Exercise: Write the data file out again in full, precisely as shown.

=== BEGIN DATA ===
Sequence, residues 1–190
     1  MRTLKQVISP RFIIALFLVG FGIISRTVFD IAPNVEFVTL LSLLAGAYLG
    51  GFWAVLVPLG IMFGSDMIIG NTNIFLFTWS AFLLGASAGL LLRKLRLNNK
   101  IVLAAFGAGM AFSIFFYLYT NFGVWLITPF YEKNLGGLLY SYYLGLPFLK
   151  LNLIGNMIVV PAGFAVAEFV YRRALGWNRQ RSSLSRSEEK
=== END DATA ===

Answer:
Sequence, residues 1–190
     1  MRTLKQVISP RFIIALFLVG FGIISRTVFD IAPNVEFVTL LSLLAGAYLG
    51  GFWAVLVPLG IMFGSDMIIG NTNIFLFTWS AFLLGASAGL LLRKLRLNNK
   101  IVLAAFGAGM AFSIFFYLYT NFGVWLITPF YEKNLGGLLY SYYLGLPFLK
   151  LNLIGNMIVV PAGFAVAEFV YRRALGWNRQ RSSLSRSEEK